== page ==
Yes, a webinar is a professional content piece — but that doesn't mean you have to act like a robot (or an NPC). Smile, have fun, crack a joke, tell a personal anecdote... just be yourself! People buy from other people and humor, vulnerability, and sharing personal experiences are powerful relationship-builders.

Repurposing your Webinar to Increase ROI

You spent all this time creating and hosting this webinar, you can't just let it die after the live.

Webinar repurposing involves taking existing webinar content and adapting it for use in different contexts or platforms. You'll often see that it includes editing, reformatting, or repackaging the original video to suit the requirements or preferences of a new audience or platform.

Modern tools like Contrast use Ai to speed up the process of repurposing video content:

Screenshot of a repurpose feature on webinar platform

The first step of repurposing a webinar is to get the transcript. Then it can be fed into different AI tools to extract the main value and transform it into different formats. Sound complicated? It doesn't have to be.

Every time you run a webinar on Contrast you automatically get:

  • Transcript of the webinar
  • Easy repurposing into 5 different formats
  • 5 suggested subtitled clips
  • As many subtitled clips as you want

You can use this to keep driving people to watch your on-demand webinar, which will feel your sales & marketing team with a ton of data about your viewers, as well as helping you fill your content calendar in just a couple of clips.

Sceenshot that shows clips and the text get 5 viral clips from every webinar you run
Clip Ai by Contrast

You can also consider embedding your webinar on your website once it's over so your website visitors can watch the webinar. Some webinar platforms will have features to make it easy to embed your webinar in just a couple of clicks.

Repurpose your Webinar Content in Minutes

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What Equipment do you Need for a Webinar?

Webinars are a very cost-effective marketing tactic because you can start running they with very little initial investment.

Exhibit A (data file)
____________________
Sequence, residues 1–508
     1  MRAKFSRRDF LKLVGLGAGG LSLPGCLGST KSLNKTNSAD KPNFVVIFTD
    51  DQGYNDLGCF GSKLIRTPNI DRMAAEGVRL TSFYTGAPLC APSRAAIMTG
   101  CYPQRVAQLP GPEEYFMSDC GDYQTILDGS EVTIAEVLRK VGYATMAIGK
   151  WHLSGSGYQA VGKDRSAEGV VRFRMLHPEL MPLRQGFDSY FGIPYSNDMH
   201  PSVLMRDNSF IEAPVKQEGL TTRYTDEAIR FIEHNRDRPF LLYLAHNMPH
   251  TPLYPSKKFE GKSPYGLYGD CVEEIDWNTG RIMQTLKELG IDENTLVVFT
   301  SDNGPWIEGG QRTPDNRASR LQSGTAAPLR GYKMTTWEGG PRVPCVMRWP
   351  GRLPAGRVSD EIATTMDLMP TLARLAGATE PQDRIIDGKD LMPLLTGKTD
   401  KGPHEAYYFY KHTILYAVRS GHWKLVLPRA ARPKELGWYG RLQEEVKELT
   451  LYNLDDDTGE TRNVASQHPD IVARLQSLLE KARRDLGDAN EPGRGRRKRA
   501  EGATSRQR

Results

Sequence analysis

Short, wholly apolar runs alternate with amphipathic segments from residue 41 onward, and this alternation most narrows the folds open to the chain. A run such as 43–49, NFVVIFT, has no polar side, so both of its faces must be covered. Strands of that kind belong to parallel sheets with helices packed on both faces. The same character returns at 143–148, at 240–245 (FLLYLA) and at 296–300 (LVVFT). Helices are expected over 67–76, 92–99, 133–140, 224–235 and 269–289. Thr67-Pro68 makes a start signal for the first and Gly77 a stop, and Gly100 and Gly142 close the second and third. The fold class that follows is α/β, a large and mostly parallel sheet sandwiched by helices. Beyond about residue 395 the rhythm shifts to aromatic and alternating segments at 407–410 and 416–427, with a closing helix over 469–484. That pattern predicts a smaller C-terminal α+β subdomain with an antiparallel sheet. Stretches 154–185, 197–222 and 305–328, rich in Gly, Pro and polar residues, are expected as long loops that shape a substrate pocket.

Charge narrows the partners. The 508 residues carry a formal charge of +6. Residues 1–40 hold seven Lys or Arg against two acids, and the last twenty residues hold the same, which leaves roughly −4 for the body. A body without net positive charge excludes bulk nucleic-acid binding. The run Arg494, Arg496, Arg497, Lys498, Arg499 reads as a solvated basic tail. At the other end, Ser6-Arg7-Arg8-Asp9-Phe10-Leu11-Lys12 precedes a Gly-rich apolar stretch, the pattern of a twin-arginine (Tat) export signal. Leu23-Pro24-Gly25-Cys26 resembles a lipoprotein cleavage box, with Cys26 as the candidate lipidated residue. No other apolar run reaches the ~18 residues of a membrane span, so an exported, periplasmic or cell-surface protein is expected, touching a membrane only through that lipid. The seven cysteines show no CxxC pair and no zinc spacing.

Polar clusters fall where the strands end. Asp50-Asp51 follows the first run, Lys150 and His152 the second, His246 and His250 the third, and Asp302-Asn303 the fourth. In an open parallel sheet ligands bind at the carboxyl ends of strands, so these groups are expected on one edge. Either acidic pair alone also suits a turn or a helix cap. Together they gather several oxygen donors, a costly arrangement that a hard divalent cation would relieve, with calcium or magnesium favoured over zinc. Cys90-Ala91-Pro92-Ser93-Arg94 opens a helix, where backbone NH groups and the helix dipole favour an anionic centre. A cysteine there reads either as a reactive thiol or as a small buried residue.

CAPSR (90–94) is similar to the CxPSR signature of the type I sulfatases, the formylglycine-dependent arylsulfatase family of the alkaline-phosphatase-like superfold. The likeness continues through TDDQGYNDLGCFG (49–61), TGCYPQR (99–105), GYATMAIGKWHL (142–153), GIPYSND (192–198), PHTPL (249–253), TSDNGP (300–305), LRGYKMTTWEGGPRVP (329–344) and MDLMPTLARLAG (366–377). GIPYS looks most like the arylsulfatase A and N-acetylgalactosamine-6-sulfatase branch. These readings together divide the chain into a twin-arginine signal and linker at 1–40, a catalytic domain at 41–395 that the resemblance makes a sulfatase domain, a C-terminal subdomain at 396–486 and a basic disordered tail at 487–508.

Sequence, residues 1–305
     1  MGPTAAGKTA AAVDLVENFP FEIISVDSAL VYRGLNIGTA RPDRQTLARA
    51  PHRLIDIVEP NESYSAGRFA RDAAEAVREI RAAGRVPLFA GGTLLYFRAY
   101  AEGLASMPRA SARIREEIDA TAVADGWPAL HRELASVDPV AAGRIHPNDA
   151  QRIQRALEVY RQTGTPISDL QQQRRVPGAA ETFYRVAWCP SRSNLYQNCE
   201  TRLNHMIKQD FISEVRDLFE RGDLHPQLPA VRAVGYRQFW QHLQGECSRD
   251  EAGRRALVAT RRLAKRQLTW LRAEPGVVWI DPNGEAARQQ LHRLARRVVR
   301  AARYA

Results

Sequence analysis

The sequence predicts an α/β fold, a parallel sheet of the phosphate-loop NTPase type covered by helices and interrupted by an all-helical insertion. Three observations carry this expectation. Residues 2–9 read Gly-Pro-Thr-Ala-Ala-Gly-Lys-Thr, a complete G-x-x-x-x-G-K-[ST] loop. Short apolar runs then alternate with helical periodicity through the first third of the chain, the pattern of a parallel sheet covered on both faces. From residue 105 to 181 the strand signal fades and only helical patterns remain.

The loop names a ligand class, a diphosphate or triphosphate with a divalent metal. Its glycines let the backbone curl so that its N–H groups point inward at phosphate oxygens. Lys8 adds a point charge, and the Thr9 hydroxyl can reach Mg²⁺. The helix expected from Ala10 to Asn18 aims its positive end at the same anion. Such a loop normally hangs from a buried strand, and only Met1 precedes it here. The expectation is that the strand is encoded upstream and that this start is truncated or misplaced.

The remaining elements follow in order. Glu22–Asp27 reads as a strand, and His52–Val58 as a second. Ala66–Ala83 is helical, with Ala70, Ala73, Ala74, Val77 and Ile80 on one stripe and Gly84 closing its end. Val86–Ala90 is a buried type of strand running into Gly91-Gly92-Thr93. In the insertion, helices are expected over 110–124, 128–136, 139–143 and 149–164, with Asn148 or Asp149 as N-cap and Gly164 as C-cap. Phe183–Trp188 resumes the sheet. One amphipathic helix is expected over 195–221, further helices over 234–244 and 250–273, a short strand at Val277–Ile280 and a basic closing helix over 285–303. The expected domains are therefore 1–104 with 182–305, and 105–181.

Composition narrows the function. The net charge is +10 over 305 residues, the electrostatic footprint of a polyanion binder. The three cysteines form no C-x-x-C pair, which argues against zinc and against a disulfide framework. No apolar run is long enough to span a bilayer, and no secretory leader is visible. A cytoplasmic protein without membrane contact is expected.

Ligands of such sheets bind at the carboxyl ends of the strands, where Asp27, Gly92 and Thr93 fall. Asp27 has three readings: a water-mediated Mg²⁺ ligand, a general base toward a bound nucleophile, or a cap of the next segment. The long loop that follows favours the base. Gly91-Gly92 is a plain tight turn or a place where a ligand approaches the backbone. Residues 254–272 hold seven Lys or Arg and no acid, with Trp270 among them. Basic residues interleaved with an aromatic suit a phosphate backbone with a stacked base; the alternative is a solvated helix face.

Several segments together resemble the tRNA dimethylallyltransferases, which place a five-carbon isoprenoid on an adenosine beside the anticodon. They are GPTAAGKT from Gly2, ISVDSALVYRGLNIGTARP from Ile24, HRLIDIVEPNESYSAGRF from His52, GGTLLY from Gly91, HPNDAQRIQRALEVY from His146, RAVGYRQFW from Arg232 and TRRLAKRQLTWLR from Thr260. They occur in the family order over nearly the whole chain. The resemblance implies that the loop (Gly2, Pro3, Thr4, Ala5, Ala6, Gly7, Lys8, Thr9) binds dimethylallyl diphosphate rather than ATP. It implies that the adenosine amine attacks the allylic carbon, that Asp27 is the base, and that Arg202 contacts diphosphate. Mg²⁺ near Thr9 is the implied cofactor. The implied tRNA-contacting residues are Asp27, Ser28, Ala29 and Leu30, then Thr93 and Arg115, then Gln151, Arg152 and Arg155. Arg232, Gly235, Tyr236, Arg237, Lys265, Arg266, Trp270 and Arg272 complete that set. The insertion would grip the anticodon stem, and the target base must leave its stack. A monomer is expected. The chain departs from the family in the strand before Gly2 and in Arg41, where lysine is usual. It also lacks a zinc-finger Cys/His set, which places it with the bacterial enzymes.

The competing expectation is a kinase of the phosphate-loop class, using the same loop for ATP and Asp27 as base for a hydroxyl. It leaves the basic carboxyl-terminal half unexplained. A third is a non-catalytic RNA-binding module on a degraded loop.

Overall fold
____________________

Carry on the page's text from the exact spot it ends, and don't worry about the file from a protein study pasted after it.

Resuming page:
All you need to host a webinar is:

  • Stable and high-speed internet connection
  • Reliable and modern webinar platform
  • A webcam or external camera (you can use your phone and Camo for a very high-quality camera you already own).
  • A microphone (and ideally a headset to avoid any echo)

Make sure you're sitting in a room with good lighting and a nice background, and you're ready to run your webinar!

Pro tip: Want to improve your webinar setup? Look into improving your equipment in this order: Lights > Microphone > Camera.

Key Webinar Takeaways

Webinars are an amazing communication channel for businesses of any size — allowing them to reach infinitely large audiences while creating engaging and powerful experiences.

They can be of many different formats and serve different purposes but the fundamentals remain the same: identify who your target audience is, figure out what's bothering them or what they want to learn, and create high-quality, engaging content for them.

If you follow all the steps of this guide and follow the relevant links, we're sure you'll put on an amazing show for your audience.

Wondering where to start? Check out Contrast — whether your a webinar beginner or expert it offers all the tools you need to run a modern, high-quality, and engaging experience.

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Frequently Asked Questions

How to participate in a webinar?

As a viewers, participating in a webinar is as easy as first registering through the form on the registration page. You can then add the webinar to your calendar with the link to access the live. The day of the webinar, you can join the room (a few minutes early to make sure you don't miss anything) and when the host goes live, the webinar will begin.

Can they see you during a webinar?

Webinars are view-only for attendees, meaning attendees cannot see or hear each other, and the host cannot see or hear attendees either. The host can decide whether or not they want to be seen during the webinar.

Do you have to talk in a webinar?

Webinars are view-only meaning attendees can't talk during a webinar: they cannot be seen (or heard). However, they can participate by using the chat feature to communicate with other attendees or with the host/the speakers.

What is the best webinar platform?

Contrast helps you run your webinars in an easy to-use platform. With their webinar studio you create engaging live webinars that your audience will love. And Repurpose Ai helps you turn your webinar into a content goldmine.

Create a Modern Webinar Experience for your Viewers